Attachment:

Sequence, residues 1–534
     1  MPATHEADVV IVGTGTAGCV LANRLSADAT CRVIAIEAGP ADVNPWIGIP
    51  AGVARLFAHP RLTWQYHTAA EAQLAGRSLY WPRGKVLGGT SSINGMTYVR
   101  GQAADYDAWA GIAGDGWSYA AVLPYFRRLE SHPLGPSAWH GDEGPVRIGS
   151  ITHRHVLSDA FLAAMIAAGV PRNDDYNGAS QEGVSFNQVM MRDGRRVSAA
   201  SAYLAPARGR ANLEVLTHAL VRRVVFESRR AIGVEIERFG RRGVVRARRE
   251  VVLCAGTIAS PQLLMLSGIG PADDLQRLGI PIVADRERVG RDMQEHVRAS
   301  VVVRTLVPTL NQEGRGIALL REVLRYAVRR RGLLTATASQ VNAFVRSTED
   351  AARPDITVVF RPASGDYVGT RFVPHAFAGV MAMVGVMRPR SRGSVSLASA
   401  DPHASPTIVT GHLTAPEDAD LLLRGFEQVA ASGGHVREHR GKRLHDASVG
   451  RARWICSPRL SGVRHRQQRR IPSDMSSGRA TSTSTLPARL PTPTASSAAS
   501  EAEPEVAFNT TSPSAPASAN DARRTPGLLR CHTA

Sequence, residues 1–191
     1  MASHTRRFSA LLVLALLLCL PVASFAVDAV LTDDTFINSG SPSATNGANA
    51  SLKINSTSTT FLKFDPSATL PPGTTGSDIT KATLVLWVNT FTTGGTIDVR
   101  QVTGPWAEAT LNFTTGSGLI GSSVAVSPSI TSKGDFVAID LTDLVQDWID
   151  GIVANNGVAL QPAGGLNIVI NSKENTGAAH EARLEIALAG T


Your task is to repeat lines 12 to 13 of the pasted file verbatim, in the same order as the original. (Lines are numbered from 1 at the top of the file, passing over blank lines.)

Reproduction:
   501  EAEPEVAFNT TSPSAPASAN DARRTPGLLR CHTA

Sequence, residues 1–191